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With huge cliffs rising more than 2,000 feet (610 m) from the valley floor, Waipio Valley measures about 5 miles (8 km) long and 1 mile (1.6 km) across. The fertile valley soils are used for various agricultural endeavors and picturesque taro patches line the valley floor.

Secluded and serene, the lush and tropical Waipio Valley is the largest of seven expansive valleys on the east side of the Kohala Mountains and was home to thousands of Hawaiians in ancient times. Waipio means “Curved water” likely referring to the winding Waipio River which flows through the valley.

The paved road that winds its way down into Waipio Valley is very steep and narrow, and a four-wheel-drive vehicle is required. You can also park at the top and hike down though it is quite an arduous trek, especially coming back up!

A nice view of the valley is seen from the Waipio Valley Lookout on the upper rim. Guided van tours offer a ride down into the valley along with narration about the legends and history of this special place that was once home to many Hawaiian chiefs and royalty. Horseback riding tours are also offered in Waipio Valley as well as wagon tours.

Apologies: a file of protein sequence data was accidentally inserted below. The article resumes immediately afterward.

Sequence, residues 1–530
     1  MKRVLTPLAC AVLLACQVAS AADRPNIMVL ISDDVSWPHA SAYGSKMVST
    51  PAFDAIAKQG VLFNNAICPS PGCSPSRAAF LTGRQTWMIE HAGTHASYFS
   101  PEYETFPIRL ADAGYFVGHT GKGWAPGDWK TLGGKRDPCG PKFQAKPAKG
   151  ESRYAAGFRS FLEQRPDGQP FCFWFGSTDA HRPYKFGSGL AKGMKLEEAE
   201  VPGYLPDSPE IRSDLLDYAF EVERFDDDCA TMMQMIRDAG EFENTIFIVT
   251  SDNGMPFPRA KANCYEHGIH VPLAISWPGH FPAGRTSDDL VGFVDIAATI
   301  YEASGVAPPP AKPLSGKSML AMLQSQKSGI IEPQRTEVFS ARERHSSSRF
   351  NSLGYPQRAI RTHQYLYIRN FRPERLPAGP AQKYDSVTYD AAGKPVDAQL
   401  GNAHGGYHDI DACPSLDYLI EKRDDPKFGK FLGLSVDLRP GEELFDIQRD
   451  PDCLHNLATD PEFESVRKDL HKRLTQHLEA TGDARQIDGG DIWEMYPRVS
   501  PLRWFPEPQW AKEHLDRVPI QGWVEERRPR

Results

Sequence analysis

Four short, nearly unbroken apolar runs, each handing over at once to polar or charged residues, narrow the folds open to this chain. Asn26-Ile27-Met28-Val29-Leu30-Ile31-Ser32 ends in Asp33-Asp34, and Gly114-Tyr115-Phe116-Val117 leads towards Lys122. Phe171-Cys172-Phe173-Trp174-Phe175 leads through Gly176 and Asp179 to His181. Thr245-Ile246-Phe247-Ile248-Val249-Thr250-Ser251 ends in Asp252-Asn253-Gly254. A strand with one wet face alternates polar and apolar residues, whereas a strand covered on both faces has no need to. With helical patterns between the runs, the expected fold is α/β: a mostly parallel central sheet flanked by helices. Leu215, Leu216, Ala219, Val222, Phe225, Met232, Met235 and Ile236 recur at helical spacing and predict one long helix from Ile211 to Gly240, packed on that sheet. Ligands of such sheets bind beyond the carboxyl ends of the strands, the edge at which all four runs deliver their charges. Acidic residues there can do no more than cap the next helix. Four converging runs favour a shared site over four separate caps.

Waipio was known as the “Valley of the Kings,” and was the boyhood home of King Kamehameha I. Many heiau (sacred places of worship) are located in the valley including Paka’alana which was a puuhonua, or place of refuge. Kings and other royalty of ancient times are buried in hidden caves in the steep valley cliffs.

Beginning in the late 1800s, many Chinese immigrants settled in Waipio Valley. During the 1900s many homes were built as well as schools, churches, restaurants, a post office and even a jail. On April 1, 1946 a tsunami devastated Waipio Valley destroying homes and businesses. Since that time the valley has only been sparsely populated. Today about 100 people live in Waipio Valley.

The black-sand Waipio Beach along the valley shoreline is a great place for exploring. Swimming is not recommended, especially during the winter months, due to frequent high surf and strong currents as well as the remote location. This beach was the set of the ending scene of the movie Waterworld.

At the back of Waipio Valley is the spectacular Hiilawe Falls plunging 1,450 feet (442 m) down the mountain, including more than 1,000 feet (305 m) of free fall. Hiilawe is the Big Island’s tallest waterfall.

Waipio Valley is located at the end of Hwy. 240 about 8 miles (12.9 km) northwest of the town of Honokaa. The valley marks the end of the Hamakua Heritage Corridor Drive which begins in Hilo and follows the Mamalahoa Hwy. (Hwy. 19) along the scenic Hamakua Coast and then follows Hwy. 240 to Waipio.